Greater White-fronted Goose

The Greater White-fronted Goose is a goose species closely related to the smaller Lesser White-fronted Goose . In Europe it has been known as simply White-fronted Goose; in North America it is known as the Greater White-fronted Goose , and this name is also increasingly adopted internationally. In Northern and Central North America, it is colloquially called Specklebelly due to the salt-and-pepper appearance of the underside.

The Greater White-fronted Goose is classified as Least Concern. Does not qualify for a more at risk category. Widespread and abundant taxa are included in this category.

The Greater White-fronted Goose (Anser albifrons) is a goose species closely related to the smaller Lesser White-fronted Goose (A. erythropus). In Europe it has been known as simply "White-fronted Goose"; in North America it is known as the Greater White-fronted Goose (or "Greater Whitefront"), and this name is also increasingly adopted internationally. In Northern and Central North America, it is colloquially called "Specklebelly" due to the salt-and-pepper appearance of the underside. More

in Greenland, the Greater White-fronted Goose has one of the largest ranges of any species of goose in the world. In North America, however, it is common only west of the Mississippi River, where it is found in large flocks in wetlands and croplands. More

The Greater White-fronted Goose has a large range, estimated globally at 1,000,000 to 10,000,000 square kilometers. Native to Europe, Asia, and North America, the bird prefers grassland, wetlands, and marine ecosystems, though it has been known to reside on arable or pasture land. The population of this bird is estimated to be about 2,900,000 to 3,300,000 individuals across the globe. More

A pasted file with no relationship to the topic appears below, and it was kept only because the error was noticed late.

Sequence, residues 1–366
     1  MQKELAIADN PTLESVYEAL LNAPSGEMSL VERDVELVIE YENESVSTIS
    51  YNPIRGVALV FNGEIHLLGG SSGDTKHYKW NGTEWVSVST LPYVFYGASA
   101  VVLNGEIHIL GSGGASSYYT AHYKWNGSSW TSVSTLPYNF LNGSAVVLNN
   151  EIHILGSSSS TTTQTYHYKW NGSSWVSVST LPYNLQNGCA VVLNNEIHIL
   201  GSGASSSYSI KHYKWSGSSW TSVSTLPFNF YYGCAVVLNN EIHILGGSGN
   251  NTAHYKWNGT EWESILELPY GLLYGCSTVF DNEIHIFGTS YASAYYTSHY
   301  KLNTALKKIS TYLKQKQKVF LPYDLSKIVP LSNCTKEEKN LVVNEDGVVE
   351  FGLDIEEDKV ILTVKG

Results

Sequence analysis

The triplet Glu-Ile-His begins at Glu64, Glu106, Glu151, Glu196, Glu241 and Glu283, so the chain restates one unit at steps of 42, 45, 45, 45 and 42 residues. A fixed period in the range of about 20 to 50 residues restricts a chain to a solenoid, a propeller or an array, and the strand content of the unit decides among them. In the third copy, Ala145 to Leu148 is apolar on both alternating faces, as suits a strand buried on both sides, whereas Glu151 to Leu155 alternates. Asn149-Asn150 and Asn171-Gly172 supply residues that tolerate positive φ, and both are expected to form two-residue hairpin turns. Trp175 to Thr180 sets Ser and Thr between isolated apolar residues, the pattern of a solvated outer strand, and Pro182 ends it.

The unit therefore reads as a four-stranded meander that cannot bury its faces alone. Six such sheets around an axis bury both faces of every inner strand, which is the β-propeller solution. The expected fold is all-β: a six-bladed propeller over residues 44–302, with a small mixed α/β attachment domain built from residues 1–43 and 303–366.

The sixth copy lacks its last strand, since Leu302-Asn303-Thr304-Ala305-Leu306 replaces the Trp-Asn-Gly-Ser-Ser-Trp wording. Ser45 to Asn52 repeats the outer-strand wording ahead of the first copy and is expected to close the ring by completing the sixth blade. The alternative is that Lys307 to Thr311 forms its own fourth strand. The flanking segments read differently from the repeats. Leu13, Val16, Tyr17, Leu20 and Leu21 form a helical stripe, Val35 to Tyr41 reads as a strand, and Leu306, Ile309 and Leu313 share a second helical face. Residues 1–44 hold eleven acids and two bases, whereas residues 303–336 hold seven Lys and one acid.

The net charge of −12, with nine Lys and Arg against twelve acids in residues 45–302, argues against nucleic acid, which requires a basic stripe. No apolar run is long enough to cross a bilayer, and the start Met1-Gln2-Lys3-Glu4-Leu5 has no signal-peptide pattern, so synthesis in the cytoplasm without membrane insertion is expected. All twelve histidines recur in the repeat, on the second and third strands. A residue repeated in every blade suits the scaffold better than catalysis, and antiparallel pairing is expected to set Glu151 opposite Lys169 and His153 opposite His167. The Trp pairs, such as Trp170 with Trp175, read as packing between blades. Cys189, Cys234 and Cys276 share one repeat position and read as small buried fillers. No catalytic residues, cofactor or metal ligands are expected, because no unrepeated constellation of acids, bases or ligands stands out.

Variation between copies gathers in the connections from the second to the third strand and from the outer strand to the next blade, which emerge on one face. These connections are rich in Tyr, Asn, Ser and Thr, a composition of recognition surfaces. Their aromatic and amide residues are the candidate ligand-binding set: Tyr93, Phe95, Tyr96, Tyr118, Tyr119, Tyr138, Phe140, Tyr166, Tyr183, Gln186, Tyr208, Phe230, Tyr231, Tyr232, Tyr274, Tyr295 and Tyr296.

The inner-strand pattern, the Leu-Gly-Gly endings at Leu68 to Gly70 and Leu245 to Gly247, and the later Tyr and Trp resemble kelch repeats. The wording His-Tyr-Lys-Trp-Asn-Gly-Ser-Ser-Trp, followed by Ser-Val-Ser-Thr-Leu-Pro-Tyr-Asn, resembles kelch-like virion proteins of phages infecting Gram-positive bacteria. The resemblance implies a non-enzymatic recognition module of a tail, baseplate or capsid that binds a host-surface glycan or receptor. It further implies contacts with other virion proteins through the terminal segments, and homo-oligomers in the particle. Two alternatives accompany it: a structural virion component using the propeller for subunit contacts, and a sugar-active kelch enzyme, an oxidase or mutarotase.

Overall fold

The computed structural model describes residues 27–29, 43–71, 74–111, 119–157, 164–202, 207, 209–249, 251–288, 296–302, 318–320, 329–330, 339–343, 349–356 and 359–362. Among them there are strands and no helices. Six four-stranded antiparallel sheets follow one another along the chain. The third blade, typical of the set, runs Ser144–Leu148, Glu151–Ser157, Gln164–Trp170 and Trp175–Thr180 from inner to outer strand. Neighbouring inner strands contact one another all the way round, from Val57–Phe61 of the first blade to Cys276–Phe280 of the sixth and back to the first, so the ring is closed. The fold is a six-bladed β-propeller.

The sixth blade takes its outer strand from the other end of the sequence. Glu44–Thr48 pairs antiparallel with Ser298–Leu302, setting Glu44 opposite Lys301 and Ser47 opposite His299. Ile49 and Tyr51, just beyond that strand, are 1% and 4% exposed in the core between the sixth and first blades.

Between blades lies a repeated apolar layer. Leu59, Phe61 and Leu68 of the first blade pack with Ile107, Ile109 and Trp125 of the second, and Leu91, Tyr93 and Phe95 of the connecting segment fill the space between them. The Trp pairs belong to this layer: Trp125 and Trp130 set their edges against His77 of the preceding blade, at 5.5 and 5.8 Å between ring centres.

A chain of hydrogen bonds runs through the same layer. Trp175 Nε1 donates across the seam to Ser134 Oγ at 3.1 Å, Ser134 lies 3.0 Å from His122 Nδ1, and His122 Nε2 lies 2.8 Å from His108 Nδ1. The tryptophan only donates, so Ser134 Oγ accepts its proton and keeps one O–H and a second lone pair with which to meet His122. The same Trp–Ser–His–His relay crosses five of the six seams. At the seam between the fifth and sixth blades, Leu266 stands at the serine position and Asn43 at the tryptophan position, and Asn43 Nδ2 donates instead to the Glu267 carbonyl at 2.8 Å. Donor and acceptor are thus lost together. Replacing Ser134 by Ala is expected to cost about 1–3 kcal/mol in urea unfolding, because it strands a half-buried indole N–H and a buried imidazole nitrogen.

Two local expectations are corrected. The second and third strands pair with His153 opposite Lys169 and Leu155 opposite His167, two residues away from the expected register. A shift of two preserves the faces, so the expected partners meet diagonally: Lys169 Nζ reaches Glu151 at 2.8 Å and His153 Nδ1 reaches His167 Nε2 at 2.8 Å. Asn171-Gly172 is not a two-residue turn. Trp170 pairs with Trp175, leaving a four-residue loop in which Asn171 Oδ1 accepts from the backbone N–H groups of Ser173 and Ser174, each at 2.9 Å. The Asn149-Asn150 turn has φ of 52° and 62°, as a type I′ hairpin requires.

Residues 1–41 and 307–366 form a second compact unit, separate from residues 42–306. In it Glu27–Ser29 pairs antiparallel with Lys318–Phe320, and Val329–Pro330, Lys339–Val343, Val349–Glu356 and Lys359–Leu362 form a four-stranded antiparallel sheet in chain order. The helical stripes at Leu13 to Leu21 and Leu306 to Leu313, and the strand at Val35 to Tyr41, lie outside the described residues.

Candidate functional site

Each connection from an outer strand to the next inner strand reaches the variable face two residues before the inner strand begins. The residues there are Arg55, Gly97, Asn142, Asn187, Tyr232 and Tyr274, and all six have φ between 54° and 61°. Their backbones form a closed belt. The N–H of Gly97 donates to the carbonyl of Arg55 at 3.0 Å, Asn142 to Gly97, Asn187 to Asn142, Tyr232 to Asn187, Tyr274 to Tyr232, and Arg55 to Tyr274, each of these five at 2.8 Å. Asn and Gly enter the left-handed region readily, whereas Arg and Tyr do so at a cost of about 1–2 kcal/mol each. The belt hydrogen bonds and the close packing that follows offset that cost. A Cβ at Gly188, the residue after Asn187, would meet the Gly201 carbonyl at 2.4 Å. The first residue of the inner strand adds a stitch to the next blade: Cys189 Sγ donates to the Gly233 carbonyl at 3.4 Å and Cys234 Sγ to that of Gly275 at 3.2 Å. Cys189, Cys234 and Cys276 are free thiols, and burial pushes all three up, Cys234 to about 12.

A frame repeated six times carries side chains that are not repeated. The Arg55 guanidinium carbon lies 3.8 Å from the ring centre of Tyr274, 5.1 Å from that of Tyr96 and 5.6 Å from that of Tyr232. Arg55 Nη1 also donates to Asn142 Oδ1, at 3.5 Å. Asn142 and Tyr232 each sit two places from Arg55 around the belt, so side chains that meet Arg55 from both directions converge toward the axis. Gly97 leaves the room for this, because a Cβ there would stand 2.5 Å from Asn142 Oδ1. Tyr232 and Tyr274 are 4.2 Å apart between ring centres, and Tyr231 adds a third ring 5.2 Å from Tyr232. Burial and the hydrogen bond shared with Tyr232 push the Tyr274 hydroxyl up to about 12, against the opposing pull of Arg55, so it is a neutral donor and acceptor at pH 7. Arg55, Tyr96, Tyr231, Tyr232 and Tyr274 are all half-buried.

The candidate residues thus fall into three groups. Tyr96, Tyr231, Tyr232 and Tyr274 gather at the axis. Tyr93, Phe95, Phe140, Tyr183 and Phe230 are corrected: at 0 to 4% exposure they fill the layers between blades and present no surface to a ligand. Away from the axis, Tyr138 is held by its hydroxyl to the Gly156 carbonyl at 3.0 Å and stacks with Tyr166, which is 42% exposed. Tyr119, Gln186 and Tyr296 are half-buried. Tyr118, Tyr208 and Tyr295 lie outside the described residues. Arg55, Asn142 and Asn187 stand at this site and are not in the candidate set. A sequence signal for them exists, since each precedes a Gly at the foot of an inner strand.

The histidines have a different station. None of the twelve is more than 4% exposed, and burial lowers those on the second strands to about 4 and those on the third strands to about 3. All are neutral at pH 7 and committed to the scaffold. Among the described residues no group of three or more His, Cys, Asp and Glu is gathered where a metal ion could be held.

The Greater White-fronted Goose is divided into five subspecies. The nominate subspecies A. a. albifrons breeds in the far north of Europe and Asia, and winters further south and west in Europe. In the far east of Siberia east to arctic Canada, it is replaced by A. a. frontalis, slightly larger and with a marginally longer bill, wintering in the United States and Japan. Two other restricted-range races occur slightly further south in northern North America; A. a. More

* Greater White-fronted Goose videos, photos & sounds on the Internet Bird Collection v • d • e Game animals and shooting in the United Kingdom Game birds Common Pheasant · Grey Partridge · Red-legged Partridge · Red Grouse · Ptarmigan · Black Grouse1 · Eurasian Woodcock · Snipe Common Pheasant Quarry species Mallard · Teal · Wood Pigeon · Golden Plover · Canada Goose · Greylag Goose · Pink-footed Goose · More

North American RangeThe Greater White-fronted Goose is mottled brownish-gray overall with a black tail, white rump, white band at the tip of the tail, and bright orange legs. The belly has a varied pattern of large black splotches. Its name is derived from the white facial feathers around the base of the pinkish-yellow bill. The juvenile looks similar but lacks the white facial feathering and black markings on the belly. More

Bent Life History for the Greater White-fronted Goose - the common name and sub-species reflect the nomenclature in use at the time the description was written. WHITE-FRONTED GOOSE ANSER ALBIFRONS ALBIFRONS (Scopoli) HABITS Two forms of the white-fronted goose have long stood on our Check List unchallenged: a smaller European form (albifrons) and a larger American form (gambelli). More